The discovery of a Roman building complex at Eastfield, which is part of the southern suburbs of Scarborough, has attracted considerable interest.
The presence of Roman troops at the signal stations along the northern Yorkshire coastline in the later period of the Empire has long been known. The remains of the best preserved of these can indeed be seen at the eastern edge of the promentary on which Scarborough Castle is situated. Some miles to the south at Rudston there was a villa with mosaic floors which are now on display at the museum in Hull.
However what has attracted attention in the latest discovery is that it is not clear what type of building it was. No comparable structure in known here in Britain. One possibility is that it was a villa with a temple or equivalent feature at its centre. Another suggestion is that it might have been a shrine with accommodation for administrators and for pilgrims. It appears that the buildings replaced an earlier villa or possibly that it had two predecessors.
The site was discovered during preparations for building work but will be preserved as the plans are being altered to accommodate the discovery. For the immediate future it will be reburied to preserve the foundations. Unfortunately it has already attracted the unwelcome attention of unprincipled metal detectorists, but that situation is now being monitored more closely.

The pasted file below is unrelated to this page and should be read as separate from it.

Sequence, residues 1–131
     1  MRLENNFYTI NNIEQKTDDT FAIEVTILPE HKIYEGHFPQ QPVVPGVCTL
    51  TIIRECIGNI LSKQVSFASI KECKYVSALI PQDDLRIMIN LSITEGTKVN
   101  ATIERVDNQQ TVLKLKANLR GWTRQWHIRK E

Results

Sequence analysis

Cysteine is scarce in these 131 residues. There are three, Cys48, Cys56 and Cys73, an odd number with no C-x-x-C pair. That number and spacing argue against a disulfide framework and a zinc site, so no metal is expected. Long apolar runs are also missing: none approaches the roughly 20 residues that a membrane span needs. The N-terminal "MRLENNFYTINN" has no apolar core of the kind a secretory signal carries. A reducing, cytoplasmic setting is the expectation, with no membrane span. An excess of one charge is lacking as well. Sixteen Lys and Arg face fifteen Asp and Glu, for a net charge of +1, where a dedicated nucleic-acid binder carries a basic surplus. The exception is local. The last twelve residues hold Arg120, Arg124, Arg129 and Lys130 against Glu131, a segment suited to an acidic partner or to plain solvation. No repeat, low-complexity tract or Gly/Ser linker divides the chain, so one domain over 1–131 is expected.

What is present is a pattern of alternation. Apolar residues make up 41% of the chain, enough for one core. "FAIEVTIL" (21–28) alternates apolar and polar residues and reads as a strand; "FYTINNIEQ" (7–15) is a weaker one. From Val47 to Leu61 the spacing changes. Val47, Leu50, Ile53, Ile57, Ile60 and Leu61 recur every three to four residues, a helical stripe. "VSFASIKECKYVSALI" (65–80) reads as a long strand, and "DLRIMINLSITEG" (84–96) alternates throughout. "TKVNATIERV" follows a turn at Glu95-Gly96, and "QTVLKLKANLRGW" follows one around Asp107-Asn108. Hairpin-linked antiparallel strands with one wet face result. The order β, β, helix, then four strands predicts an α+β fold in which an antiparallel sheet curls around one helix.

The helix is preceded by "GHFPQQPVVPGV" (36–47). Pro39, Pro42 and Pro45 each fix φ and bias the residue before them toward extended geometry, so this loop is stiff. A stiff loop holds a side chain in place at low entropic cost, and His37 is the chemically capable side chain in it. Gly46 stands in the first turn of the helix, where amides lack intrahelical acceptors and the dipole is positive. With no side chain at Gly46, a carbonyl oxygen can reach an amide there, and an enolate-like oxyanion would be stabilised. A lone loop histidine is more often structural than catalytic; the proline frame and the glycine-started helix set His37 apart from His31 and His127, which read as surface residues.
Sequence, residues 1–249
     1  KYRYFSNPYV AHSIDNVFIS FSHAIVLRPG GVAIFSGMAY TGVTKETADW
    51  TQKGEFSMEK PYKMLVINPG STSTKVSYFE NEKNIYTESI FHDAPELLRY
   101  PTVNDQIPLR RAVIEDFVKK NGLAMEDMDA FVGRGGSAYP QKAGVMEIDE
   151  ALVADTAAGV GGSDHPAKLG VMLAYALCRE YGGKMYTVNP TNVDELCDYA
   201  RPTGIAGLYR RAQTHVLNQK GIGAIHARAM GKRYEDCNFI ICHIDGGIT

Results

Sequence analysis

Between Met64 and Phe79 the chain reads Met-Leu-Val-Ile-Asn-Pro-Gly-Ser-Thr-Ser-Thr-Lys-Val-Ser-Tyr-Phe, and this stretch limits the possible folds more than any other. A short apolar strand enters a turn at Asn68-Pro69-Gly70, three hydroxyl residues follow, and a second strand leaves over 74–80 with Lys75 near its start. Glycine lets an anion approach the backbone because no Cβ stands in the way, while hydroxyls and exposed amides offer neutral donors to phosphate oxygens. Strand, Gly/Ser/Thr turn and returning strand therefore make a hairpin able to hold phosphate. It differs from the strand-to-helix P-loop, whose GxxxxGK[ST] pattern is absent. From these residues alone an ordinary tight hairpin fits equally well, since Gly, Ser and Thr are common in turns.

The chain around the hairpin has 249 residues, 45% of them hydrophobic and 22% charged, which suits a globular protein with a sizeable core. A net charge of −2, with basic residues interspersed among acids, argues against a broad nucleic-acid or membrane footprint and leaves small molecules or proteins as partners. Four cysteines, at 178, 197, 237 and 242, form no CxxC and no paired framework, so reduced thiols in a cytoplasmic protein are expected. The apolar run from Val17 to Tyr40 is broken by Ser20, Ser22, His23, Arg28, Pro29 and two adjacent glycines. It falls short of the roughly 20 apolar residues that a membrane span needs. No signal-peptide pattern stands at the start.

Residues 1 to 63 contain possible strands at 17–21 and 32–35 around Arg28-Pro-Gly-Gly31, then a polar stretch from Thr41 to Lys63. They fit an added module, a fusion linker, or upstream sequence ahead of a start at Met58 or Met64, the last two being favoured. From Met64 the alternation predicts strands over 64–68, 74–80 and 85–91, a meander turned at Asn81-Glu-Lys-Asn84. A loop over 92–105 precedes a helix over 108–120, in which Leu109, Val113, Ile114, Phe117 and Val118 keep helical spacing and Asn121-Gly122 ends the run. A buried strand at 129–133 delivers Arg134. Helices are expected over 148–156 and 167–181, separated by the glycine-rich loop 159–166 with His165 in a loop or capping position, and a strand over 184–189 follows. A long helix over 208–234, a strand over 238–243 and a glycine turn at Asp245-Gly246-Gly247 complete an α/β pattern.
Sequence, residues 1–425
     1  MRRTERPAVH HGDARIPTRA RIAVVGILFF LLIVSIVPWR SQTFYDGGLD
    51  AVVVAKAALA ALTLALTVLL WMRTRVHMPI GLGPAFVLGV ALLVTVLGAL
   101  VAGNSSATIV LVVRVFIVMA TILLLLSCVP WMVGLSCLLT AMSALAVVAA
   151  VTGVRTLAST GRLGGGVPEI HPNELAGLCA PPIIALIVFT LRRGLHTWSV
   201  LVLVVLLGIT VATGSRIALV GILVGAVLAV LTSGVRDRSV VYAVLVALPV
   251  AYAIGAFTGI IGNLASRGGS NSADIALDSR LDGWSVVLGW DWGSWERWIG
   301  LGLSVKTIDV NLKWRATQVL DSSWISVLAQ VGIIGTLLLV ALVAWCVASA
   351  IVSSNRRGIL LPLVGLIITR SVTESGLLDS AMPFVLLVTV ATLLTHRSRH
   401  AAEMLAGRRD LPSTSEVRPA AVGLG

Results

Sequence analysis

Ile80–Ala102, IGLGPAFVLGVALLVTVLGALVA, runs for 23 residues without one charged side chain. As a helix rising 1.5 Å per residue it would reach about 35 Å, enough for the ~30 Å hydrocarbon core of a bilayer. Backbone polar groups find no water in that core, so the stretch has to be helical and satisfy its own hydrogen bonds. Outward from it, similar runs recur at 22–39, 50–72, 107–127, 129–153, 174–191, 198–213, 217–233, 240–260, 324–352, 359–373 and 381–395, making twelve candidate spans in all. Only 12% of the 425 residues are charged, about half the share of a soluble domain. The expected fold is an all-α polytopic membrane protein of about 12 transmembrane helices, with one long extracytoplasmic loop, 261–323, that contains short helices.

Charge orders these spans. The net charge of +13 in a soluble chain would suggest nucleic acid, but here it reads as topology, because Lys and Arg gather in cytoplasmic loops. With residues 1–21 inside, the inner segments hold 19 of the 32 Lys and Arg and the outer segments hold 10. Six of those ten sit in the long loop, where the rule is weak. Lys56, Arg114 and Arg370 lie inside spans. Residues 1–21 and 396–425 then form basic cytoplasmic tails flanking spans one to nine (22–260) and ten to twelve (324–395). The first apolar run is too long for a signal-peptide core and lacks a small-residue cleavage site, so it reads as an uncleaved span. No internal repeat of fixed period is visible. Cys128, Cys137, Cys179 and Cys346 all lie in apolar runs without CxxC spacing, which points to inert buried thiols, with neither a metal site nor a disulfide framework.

There is a report on the discovery from the Smithsonian Magazine at Archaeologists Unearth Sprawling Roman Ruins Unlike Any Found in the U.K.. This stresses the importance of the site and has good aerial photographs. Another report, with more details and which also emphasises the quality of the buildings, and suggests they may have been dismantled rather than falling into decay is from The Scarborough News. This, which has photographs of the site at ground level, can be seen at Scarborough Roman villa: Trespass at significant ruins 'inevitable' say Historic England
LiveScience Essentials also has a report about the discovery which rather concentrates on the actions of the illicit metal detectorists but does also have good views of the site and gives a good indication of its size at Vandals sack Roman-era estate and bathhouse just discovered in UK